Patrick Schröder is a Research Fellow at the Institute of Development Studies, UK and holds a PhD from Victoria University of Wellington, New Zealand.
Manisha Anantharaman is an Assistant Professor in Justice, Community and Leadership at Saint Mary's College of California, USA and holds a PhD from University of California Berkeley, USA.
Kartika Anggraeni is a project manager at the Collaborating Centre for Sustainable Consumption and Production (CSCP) in Wuppertal, Germany. She is currently co-managing an EU SWITCH Africa Green project in Kenya.
Timothy J. Foxon is Professor of Sustainability Transitions at the University of Sussex, UK and the author of Energy and Economic Growth: Why we need a new pathway to prosperity (Routledge, 2017).
"As global rates of waste and carbon pollution rise exponentially, the idea of building a circular economy has captured the imaginations of policy-makers, activists, businesses and designers. The authors in this timely and insightful collection challenge circular economy proponents to integrate the perspectives of people in the Global South, so far marginalized in this debate, if we are ever to achieve the inclusive - and radical – Green Transformation we need. Combining innovative research with on-the-ground case studies, The Circular Economy and the Global South is a must-read for students, scholars, practitioners and activists in this field." -- Kate O'Neill, Professor in the Department of Environmental Science Policy and Management, UC Berkeley, USA
"As the circular economy gathers momentum, in both policy discourse and practice, this edited book brings a timely and necessary contribution from the Global South. The limits and opportunities of the circular economy are presented from diverse perspectives, ranging from the livelihoods of Brazilian and Indian women waste pickers, to the development of Chinese eco-industrial parks. The contested politics and social dimensions of the CE are brought to the fore through cases that will provide excellent reading material for students interested in sustainability issues. Ultimately, this collection demonstrates how circular economy approaches must go beyond closing loops and maintaining the lifestyle standards of a fortunate few: there is a strong call for a circular economy that will grapple in earnest with the need for sustainable and inclusive wellbeing, in a world of limits." -- Marlyne Sahakian, Professor at University of Geneva, Switzerland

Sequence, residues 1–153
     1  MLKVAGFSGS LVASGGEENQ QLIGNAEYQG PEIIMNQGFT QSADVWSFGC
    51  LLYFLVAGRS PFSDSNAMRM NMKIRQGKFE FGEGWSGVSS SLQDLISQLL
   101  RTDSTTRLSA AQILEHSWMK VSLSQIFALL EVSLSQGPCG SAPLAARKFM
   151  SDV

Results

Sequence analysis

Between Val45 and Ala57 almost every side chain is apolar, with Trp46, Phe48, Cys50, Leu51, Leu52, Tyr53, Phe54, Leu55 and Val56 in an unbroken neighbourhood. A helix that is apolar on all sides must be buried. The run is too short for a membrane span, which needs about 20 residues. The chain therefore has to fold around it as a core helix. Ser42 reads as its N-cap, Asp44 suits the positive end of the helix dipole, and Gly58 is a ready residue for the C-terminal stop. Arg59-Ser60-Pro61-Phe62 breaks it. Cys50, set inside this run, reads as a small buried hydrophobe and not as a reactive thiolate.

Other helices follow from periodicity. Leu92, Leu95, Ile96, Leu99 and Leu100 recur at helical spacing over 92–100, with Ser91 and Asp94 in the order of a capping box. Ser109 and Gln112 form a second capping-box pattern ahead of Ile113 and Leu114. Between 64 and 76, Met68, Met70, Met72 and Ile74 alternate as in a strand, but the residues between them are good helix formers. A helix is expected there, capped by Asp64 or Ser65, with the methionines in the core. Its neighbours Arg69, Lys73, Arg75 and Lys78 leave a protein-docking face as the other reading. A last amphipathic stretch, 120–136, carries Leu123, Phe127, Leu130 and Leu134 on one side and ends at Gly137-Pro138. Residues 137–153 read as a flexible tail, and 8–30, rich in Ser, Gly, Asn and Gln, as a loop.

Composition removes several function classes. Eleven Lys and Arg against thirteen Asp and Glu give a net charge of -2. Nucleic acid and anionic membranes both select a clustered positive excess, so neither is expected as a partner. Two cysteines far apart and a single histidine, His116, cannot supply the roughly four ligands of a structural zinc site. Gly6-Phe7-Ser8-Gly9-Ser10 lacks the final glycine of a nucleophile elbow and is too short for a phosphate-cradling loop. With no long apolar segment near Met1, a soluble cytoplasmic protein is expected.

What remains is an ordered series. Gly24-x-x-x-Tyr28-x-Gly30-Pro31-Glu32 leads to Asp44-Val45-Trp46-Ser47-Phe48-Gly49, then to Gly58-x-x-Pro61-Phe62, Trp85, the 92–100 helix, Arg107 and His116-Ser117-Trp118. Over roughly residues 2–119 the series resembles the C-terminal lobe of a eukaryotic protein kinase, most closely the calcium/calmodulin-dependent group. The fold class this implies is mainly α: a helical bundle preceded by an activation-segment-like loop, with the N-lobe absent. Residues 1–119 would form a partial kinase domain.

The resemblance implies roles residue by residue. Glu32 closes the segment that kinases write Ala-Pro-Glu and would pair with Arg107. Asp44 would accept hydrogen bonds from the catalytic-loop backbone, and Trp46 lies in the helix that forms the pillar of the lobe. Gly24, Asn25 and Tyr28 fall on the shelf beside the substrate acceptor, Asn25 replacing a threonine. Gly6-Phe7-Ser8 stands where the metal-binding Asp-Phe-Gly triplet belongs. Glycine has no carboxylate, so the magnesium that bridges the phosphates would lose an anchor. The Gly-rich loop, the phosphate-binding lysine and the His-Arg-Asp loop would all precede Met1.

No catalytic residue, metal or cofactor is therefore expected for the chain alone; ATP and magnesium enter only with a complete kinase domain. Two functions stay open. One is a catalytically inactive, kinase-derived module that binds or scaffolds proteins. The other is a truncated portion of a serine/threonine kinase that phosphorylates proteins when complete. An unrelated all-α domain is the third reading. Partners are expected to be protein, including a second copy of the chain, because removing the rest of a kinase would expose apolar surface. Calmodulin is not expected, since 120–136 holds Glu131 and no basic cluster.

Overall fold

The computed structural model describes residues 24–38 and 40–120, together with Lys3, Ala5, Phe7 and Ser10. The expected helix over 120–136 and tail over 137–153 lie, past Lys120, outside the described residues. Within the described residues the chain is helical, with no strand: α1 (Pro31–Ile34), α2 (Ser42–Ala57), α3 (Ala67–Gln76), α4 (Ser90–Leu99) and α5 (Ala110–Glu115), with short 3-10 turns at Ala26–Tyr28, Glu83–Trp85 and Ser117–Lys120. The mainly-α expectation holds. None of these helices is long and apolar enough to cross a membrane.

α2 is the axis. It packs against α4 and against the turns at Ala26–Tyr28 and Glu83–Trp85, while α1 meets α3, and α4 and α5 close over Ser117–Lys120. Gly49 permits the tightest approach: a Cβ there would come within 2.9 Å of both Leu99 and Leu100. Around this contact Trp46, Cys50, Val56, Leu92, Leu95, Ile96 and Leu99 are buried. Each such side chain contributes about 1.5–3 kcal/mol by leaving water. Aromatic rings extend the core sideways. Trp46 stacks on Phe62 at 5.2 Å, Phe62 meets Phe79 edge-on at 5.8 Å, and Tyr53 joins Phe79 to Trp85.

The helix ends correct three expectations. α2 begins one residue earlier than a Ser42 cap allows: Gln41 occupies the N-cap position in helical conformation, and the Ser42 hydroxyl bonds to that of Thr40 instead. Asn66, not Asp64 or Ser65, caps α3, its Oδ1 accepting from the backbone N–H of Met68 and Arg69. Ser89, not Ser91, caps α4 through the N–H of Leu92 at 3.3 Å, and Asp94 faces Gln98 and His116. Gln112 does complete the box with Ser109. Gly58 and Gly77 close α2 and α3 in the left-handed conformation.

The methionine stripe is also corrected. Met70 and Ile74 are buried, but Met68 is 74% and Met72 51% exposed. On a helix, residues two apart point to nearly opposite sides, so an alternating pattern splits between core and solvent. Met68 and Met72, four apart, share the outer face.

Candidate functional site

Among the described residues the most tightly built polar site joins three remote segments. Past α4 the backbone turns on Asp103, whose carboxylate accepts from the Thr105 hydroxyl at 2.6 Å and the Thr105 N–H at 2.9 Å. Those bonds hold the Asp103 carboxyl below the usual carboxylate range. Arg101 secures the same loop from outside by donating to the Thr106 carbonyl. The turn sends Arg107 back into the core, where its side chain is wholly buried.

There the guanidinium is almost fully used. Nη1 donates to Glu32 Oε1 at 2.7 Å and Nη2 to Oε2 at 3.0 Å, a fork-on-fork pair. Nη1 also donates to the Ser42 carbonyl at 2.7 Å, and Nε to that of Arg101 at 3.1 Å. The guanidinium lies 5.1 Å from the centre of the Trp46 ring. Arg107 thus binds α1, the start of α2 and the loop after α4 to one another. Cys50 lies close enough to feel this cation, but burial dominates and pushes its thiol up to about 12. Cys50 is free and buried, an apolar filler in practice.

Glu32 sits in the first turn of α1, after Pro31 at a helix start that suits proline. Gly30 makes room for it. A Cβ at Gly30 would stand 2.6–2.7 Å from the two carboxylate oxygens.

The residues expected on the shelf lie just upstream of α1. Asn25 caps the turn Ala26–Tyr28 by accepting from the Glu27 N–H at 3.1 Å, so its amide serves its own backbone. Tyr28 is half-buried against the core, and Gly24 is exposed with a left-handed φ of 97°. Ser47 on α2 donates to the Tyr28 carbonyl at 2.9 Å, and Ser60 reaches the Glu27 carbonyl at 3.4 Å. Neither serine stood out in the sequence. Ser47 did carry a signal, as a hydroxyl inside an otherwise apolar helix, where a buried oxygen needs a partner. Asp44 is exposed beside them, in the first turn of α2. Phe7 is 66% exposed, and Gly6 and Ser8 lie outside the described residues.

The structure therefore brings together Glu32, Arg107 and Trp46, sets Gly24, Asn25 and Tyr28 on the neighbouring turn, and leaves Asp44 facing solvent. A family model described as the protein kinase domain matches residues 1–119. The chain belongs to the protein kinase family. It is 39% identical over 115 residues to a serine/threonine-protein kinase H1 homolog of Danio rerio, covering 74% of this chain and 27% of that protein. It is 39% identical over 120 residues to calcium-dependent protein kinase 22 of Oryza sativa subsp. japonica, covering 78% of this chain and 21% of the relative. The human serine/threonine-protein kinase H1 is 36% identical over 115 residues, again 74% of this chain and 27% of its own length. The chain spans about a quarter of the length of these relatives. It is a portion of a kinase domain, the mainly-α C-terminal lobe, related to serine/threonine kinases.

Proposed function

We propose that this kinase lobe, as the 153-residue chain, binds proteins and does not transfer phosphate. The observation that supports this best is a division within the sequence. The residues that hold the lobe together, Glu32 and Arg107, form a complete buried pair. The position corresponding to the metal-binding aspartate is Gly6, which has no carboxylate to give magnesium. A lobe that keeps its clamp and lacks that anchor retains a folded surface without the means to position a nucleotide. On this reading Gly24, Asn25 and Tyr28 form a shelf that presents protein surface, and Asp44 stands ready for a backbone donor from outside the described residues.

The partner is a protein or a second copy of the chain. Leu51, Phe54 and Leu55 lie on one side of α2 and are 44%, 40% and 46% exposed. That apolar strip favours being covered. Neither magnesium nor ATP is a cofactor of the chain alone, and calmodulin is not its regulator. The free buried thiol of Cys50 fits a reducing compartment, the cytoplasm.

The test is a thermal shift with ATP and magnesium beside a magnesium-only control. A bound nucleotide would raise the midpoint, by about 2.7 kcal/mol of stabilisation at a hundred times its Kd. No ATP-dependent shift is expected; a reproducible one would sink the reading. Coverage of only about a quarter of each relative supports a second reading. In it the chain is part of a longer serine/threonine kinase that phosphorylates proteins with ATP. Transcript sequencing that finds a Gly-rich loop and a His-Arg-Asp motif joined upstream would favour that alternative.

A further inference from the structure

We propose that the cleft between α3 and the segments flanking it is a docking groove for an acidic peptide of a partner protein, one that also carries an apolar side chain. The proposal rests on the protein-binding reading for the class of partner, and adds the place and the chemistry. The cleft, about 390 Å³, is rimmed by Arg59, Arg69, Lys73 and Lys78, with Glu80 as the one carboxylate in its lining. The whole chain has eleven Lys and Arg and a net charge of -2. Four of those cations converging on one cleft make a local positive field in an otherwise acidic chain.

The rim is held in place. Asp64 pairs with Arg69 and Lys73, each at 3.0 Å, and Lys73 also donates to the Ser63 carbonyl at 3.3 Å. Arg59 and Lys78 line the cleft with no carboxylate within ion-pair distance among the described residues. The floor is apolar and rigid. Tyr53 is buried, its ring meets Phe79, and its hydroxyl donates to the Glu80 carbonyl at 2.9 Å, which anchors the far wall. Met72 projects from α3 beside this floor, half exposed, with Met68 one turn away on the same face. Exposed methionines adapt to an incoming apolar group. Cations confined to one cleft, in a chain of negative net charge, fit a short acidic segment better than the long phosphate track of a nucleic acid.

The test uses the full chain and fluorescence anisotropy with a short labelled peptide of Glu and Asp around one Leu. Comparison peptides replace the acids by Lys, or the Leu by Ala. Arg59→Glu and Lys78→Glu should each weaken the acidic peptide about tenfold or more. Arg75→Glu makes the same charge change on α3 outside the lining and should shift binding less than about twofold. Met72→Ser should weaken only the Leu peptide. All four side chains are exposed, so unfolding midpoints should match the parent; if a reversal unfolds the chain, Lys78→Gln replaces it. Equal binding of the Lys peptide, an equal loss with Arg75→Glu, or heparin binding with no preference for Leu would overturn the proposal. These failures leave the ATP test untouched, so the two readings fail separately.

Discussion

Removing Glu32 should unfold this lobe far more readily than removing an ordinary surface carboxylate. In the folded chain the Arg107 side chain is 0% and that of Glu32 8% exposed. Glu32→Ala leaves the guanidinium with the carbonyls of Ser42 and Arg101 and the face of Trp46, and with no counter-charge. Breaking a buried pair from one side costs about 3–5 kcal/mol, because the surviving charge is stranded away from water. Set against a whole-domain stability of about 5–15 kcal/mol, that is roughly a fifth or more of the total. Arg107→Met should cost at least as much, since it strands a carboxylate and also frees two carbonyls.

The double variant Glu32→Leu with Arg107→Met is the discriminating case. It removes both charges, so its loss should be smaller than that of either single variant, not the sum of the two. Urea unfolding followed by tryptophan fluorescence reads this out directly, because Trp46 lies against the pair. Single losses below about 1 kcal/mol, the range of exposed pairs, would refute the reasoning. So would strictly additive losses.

"Today, we have a window of opportunity to rethink our economies and align them through the circular economy with the cycles and principles of Nature. However, the circular economy concept also has to prove that it can ensure sustainable livelihoods and lifestyles of the people within the economy. This is what the 'Circular Economy 2.0' is trying to achieve. Countries in the Global South are well placed to adopt an inclusive and equitable circular model as they have lower carbon and material footprints than their counterparts in the North, they are often based on interconnected communities and have young populations desiring equal opportunities. Designing waste-free, pollution-free economies and reducing inequality is not only possible, but necessary to ensure shared prosperity and no one is left behind. The Circular Economy and the Global South highlights why the circular economy is an important opportunity for the developing world as we speak!" -- Alexandre Lemille, co-founder of African Circular Economy Network (ACEN), initiator of a 'Circular Economy 2.0' focusing on opportunities for the human sphere